Fredric McCann, an assistant football coach at Wayne County High, watches Rosebud Chaffin pull three burgers off the grill at Cooley’s Hamburgers, a hutch of a restaurant near the Alabama line in the small piney-woods town of Waynesboro, Mississippi. He wears gray sweats and a big smile. When McCann was a boy, his father bought him Cooley’s burgers after he chopped morning firewood or fed the cows and chickens.
Now McCann, who also teaches high school students to navigate the pulpwood-truck-clogged streets of Waynesboro, uses the alley and gravel parking lot here as a driver’s-ed course. When those students score well, parking in tight spaces, threading the narrow alley, he rewards them with burgers, crossed with crisp bacon strips, tucked into steamed buns, and dressed with mustard and ketchup and chopped onions. For copiloting young novices at the wheel of four-thousand-pound machines, McCann usually rewards himself, too.
This parking lot, which connects to the alley that runs parallel to Station Street, looks like a Jenga tower gone horizontal. Patchworked with gravel and sun-bleached asphalt, the drive-through lane stretches from the pickup window toward a rust-tattooed fire truck that squats on four flat tires at the back of the lot.
Since 1965 or thereabouts, locals have queued here for burgers that are crispy at their edges and creamy at their cores. Smashed flat and fried in a trough of vegetable oil seasoned with bacon strips, Cooley’s burgers connect families across generations. Mothers come for lunch hot dogs that turn bright red after basting in that bacon-y grease. Children come for breakfast pans, sandwiches of patty sausages and eggs. On first bite, those eggs pool on yellow tissue wrappers to make a luxurious dipping sauce.
Tenia Cooley, the widow of longtime proprietor Payton Cooley, often works the window. She pulls Tootsie Pops from a bucket for children. She hands bacon, wrapped in paper towels, to dogs who yelp in the beds of idling trucks. Most important, she backstops her cooks, who weave through this concrete-floored shebang like synchronized swimmers bound for Olympic trials. As I marvel at the efficiency of a system based on seeming chaos, Rosebud looks up to say, “Chick-fil-A got this whole drive-through thing from us.”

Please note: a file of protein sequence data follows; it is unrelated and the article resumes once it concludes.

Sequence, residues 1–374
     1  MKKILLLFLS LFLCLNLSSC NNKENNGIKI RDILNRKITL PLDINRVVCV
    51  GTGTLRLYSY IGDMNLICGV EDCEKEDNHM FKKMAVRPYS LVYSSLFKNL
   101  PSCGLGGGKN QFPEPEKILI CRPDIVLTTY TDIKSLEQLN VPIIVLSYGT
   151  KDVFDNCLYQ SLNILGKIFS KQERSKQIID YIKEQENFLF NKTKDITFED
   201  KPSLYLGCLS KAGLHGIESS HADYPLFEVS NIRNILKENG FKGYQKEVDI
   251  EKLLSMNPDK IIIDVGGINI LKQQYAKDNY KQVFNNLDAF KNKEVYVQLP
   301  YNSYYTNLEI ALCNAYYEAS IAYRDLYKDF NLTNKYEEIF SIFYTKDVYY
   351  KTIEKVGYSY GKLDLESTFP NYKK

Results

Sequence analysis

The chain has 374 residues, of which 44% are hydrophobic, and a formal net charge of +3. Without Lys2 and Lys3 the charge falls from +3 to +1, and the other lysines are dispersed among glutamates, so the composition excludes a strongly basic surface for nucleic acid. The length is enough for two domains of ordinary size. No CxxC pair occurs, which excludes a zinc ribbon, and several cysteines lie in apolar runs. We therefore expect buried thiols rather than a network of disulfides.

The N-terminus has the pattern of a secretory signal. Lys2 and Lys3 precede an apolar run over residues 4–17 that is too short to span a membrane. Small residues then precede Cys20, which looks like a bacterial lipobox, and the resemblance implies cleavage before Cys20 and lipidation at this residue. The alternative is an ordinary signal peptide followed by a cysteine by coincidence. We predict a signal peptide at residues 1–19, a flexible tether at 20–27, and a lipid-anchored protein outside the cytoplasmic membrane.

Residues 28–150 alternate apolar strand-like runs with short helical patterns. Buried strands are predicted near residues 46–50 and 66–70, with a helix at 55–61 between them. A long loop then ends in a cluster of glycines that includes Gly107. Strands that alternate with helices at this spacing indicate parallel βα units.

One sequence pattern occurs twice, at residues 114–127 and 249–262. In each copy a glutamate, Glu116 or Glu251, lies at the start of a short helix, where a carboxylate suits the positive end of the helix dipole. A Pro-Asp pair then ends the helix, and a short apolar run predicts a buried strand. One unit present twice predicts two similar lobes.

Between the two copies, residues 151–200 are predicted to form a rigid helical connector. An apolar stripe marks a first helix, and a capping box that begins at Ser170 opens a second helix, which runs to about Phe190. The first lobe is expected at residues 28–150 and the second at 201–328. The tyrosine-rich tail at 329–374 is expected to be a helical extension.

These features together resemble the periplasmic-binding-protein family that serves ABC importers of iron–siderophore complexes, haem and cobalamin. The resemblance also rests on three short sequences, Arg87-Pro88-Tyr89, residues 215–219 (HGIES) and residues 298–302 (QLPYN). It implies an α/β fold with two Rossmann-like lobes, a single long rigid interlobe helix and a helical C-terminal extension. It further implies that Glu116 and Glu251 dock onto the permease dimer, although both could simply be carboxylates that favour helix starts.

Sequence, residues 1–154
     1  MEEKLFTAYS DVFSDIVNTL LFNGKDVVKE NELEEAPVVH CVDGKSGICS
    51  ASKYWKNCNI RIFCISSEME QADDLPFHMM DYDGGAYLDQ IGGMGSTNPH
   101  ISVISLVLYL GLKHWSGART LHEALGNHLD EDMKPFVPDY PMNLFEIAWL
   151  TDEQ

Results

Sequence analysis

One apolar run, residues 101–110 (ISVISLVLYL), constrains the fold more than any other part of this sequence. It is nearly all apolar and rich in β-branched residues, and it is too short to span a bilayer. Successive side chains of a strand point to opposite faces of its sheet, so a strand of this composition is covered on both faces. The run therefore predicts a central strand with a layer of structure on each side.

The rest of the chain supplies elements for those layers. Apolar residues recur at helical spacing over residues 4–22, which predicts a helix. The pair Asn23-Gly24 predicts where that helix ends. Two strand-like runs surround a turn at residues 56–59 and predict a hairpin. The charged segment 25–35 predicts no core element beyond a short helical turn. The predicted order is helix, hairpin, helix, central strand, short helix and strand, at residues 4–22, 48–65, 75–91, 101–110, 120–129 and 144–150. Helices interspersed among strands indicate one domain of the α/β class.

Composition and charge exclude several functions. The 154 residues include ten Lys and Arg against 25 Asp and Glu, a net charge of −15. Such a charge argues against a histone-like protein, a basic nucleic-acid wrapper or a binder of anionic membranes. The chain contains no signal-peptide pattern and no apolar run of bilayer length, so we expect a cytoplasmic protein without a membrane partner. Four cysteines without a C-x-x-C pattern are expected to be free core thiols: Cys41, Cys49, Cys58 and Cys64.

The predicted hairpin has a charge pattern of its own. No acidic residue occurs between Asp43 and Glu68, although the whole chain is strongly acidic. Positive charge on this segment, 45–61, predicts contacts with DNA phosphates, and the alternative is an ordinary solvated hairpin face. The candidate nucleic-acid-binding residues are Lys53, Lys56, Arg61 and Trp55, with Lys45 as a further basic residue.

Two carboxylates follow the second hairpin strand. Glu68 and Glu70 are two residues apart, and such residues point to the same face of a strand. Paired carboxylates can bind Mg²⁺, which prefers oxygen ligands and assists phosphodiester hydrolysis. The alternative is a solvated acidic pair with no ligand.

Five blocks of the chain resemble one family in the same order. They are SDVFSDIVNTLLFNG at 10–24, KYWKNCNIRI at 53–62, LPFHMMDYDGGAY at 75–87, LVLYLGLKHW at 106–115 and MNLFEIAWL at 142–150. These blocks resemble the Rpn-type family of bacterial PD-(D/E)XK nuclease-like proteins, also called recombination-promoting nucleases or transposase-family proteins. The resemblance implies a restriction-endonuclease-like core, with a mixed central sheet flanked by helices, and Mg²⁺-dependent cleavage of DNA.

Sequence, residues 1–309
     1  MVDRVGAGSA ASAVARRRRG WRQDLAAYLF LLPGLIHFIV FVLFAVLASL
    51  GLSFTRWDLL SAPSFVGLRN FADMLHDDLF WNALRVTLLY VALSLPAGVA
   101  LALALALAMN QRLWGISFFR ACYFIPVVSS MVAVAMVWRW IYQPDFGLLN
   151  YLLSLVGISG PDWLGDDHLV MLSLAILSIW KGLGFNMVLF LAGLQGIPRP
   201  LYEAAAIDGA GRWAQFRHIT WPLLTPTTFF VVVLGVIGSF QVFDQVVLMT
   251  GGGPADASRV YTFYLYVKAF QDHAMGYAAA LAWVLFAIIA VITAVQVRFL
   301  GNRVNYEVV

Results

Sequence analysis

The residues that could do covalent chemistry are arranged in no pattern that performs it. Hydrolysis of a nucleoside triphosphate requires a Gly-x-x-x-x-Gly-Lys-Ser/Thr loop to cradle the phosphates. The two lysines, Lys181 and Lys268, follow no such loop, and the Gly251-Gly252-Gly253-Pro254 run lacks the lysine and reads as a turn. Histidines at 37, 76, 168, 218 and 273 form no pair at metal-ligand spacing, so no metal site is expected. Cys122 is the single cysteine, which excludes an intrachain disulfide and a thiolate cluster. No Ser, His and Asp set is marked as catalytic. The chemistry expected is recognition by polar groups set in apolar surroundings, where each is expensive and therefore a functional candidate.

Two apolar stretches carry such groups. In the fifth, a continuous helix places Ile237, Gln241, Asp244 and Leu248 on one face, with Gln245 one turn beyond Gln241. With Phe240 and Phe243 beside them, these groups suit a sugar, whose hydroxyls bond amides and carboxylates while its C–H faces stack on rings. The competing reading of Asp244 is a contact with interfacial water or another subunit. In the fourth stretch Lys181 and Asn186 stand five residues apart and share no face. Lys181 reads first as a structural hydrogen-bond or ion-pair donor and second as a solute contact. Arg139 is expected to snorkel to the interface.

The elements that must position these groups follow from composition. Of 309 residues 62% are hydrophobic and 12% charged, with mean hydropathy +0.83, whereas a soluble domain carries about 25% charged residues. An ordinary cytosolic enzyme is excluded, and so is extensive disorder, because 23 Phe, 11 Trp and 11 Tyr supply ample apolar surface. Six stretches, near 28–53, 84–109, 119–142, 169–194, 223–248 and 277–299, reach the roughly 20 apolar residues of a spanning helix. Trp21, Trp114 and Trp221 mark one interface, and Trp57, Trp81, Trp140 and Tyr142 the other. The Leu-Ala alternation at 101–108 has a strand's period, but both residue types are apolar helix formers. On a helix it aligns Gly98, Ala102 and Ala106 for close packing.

Inside, regulars stand in line at the far corner of that grill box, a deep-lipped flattop with a divot at the center, where that grease eddies and sputters. Men in brown coveralls sit at picnic tables, thumbing copies of the Wayne County News. Light plays off the plywood-paneled walls. Steam escapes from two stainless-steel boxes, filled with white-bread buns. As customers file in and out, overstuffed brown paper bags in hand, I track the eyes of men and women who pledge allegiance to this place. And I wish I had a Cooley’s in my life.
It’s easy to tell the visitors, says Tenia: “They stand by the register to try and order, when everyone knows we keep the book on the other corner. And they ask for fries.” Cooley’s may have served fries for a time. No one seems to agree on when that might have been, but those who remember say they were too much trouble. If you are many generations deep in this county like most of the restaurant’s customers, you also remember that the Cooley family once ran two locations here in Waynesboro and one in nearby Ellisville. Same as everyone remembers Tenia’s late husband, Payton, who became the third-generation family operator when he took over in 1992.
Payton worked the grill with a camo hat on his head and a bricklayer’s trowel in each hand, rocking back and forth, smashing burgers and basting hot dogs. Regulars called this the Cooley Shuffle. “I can see him now, wiping the sweat from his face with his forearms,” says Jerrell Powe, who played football at Coach McCann’s school before playing nose tackle for the Kansas City Chiefs. (Cooley’s added a window-unit air conditioner in 2000, central air in 2010.)
Payton fed kids who didn’t have houses, mothers who were hungry, fathers who were lost. When you got out of jail, he let you mop for a burger. When you needed a down payment on a used pickup, he fronted the money. On a Tuesday in 2016, Payton died of congestive heart failure. He knew what was coming but still cooked that previous Saturday.
An all-woman crew now works the grill Payton commanded. They are formidable: Rosebud began when she was fifteen. Marcie Jenkins has worked here on and off for decades. Hurricane Katrina blew in Tonya Stevinson in 2005. Peggy Greenhaw showed up soon after. Becky Shoemaker and Lisa Bonds count seven years between them. In a manner that broadcasts her plans to stick around, Alisha McDill, the newest crew member, now smashes burgers with a force that would make Payton proud.
Payton’s son, Timothy Lance Yawn, stands in line for a burger. He makes good money, working on an oil rig. But I can tell his heart is here. “My little boy will stand behind that grill one day,” he says to customer Leon Gandy, who played middle linebacker for Wayne County High with such ferocity that folks still call him Mr. Rattlesnake. Gandy nods and smiles. “I was raised up here,” he says. “Been coming since my daddy thought I was big enough to handle a good hamburger.”